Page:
By J. H. Bográn
Brenda Novak’s new thriller, HER DARKEST NIGHTMARE, kicks off with the kind of scene that could close a book—the victim of a nightmarish rape and torture at the hands of her boyfriend escapes. Instead, this is only the beginning of Evelyn Talbot’s story.
In the deft hands of Novak’s extraordinary storytelling skill, the reader quickly understands how the ordeal has shaped the protagonist’s future. Now a doctor of psychology, Evelyn not only studies psychopaths, she has established a prison to hold the worst criminals—all in the name of science.
But of course, this doesn’t offer Evelyn the peace and sense of resolution she so desperately needs. Rather, it re-opens the past as it becomes terrifyingly apparent that not all murderers are locked inside her prison.
Novak took some time to chat with The Big Thrill this month to talk about her thrilling new release, including how she developed the emotionally complex character of her protagonist, Evelyn Talbot.
“I guess, in ways, I used my own drives and desires to create Evelyn,” she says. “I knew if I had been attacked the way she’d been attacked I would do everything I possibly could to find Jasper (achieve justice) and to figure out why he did what he did and how such a thing could be prevented in the future—and I would want what I learned to help others who are in a similar situation. (This is sort of based on how I reacted to my son’s Type 1 diagnosis, which led me to start my own charity and do so much fundraising.) Evelyn takes this same approach to rebuilding her life. She wants to make what she went through mean something, be a step toward improving the world for others.”
Hanover House is both a prison and research facility, is there a real-life equivalent?
There is no real-life equivalent that I’m aware of. I made this up because it’s exactly the type of facility I would want at my disposal if I were Evelyn and studying those sorts of people. (It also provides my series with an endless supply of villains!)
What would be the main challenge for such a place to exist?
Funding would probably be the biggest problem. Where to locate the facility and how the doctors and the corrections people would work together would be another challenge. Then there’d be the many differing philosophies and opinions by professionals. It’s hard to get everyone to agree on the scope of the problem and what should be done about it. As it says in the book, fads exist even in psychology, so it would depend on the pervasive thinking of the time.
The relationship between Amarok and Evelyn is extremely complex given their backgrounds. Was this planned or did it grow from the story?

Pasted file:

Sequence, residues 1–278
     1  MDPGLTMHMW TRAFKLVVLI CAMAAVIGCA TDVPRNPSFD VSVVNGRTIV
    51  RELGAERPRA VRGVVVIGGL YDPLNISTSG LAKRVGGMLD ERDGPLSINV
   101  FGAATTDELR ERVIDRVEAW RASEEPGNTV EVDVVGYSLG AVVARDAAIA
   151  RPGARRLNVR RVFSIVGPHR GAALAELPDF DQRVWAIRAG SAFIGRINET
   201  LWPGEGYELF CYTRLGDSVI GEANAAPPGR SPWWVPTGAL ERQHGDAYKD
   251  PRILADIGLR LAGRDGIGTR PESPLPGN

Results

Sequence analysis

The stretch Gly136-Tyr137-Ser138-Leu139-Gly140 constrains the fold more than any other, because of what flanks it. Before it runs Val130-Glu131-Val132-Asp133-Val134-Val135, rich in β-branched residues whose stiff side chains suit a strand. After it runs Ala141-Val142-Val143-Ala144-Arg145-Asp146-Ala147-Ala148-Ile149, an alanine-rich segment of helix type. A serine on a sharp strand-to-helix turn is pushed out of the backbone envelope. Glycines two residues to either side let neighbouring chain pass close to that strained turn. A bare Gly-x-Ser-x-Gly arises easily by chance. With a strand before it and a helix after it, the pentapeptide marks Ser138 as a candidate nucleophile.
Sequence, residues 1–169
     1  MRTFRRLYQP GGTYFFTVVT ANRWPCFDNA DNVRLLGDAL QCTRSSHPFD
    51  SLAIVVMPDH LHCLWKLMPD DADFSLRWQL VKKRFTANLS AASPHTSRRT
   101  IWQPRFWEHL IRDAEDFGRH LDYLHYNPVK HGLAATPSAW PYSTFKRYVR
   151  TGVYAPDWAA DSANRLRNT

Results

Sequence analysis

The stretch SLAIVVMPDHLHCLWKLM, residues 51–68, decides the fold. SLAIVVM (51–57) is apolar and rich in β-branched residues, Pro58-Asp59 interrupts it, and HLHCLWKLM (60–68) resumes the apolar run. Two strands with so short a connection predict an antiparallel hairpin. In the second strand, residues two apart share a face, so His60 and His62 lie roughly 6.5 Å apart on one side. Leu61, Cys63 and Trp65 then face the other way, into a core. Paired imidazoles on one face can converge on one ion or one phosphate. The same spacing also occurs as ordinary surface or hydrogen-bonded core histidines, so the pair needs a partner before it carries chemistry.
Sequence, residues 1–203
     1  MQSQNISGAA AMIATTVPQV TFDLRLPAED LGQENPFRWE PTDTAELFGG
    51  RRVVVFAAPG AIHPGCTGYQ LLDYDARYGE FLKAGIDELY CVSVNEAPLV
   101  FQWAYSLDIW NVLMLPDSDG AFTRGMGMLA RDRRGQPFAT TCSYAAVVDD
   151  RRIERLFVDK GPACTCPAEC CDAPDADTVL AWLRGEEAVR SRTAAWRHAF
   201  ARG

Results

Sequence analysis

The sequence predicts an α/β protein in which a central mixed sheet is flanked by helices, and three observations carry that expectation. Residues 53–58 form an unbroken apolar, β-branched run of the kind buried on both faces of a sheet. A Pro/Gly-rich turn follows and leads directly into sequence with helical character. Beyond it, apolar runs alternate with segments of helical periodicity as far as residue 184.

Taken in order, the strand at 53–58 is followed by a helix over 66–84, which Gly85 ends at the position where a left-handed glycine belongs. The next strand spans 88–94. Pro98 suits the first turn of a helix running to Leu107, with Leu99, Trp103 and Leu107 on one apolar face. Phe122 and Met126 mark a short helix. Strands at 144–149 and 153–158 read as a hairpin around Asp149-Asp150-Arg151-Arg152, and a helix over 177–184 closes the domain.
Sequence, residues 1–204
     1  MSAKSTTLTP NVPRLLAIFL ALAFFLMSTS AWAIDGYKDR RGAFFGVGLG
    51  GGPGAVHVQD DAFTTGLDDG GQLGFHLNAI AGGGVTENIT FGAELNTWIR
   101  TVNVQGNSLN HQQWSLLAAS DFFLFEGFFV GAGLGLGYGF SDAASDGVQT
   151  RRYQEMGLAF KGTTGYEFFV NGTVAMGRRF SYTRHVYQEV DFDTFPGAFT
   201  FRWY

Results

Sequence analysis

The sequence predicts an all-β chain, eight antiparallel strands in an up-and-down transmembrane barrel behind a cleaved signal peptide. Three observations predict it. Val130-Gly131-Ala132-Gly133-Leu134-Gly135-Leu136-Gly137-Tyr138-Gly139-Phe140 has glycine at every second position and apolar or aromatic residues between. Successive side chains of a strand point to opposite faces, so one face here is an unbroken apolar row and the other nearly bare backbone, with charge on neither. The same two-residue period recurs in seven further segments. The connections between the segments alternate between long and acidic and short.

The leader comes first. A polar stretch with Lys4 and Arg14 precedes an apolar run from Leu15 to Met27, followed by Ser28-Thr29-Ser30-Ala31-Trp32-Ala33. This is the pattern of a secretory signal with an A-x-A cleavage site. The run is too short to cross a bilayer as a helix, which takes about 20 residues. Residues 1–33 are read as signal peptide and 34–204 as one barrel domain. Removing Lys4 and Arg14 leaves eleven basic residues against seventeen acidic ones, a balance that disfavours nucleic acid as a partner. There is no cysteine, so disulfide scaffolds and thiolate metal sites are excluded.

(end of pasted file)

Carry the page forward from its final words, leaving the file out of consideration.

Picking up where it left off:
I knew this would be part of the conflict of the story—that Evelyn would have difficulty with intimacy because of the attack. It’s believable, because of her background, and, from a storyteller’s perspective, it gives them something to overcome as a couple.
Was the research on Alaska difficult?
I had to do most of my research online and via books, but I did get to visit there just this summer, which will help with future books in the series.
Will there be a third book in this series?
Yes, Hello Again will be out September 2017. Right now, we have four Evelyn Talbot books planned (in addition to the prequel Hanover House, which I published in advance of the series debut this September.) I can’t say much about Hello Again without giving away what happens at the end of HER DARKEST NIGHTMARE, so I’ll leave it there—by letting everyone know that there are more Evelyn Talbot books on the way.
As I write this, I receive an email from Booktrib.com which hails Brenda Novak as the “Queen of Romance.” With several series going, how do you keep the characters distinct in your mind?
My various small town contemporary romance series (or women’s fiction novels, for that matter) have a completely different tone and setting and deal with different kinds of people (not mental health professionals and criminals/psychopaths), so it’s not hard. I actually enjoy switching between the various sub-genres. Writing a romance novel that doesn’t contain so much suspense sort of gives me a break from the “darker” Evelyn Talbot series and vice versa. I enjoy changing things up.
What comes first, the plot or the characters?
Neither. I think of the conflict. I figure out something that would be interesting to overcome—something that would be a real challenge—and then I think about the types of people who would be most interesting if faced with that challenge, which is how I develop the characters. The plot grows out of the conflict and characters, so it comes last.
New York Times & USA Today Bestselling Author Brenda Novak is the author of more than fifty books. A five-time Rita nominee, she has won many awards, including the National Reader’s Choice, the Bookseller’s Best, the Book Buyer’s Best, the Daphne, and the Silver Bullet. She also runs Brenda Novak for the Cure, a charity to raise money for diabetes research (her youngest son has this disease). To date, she’s raised $2.5 million.
For more about Brenda, please visit her website.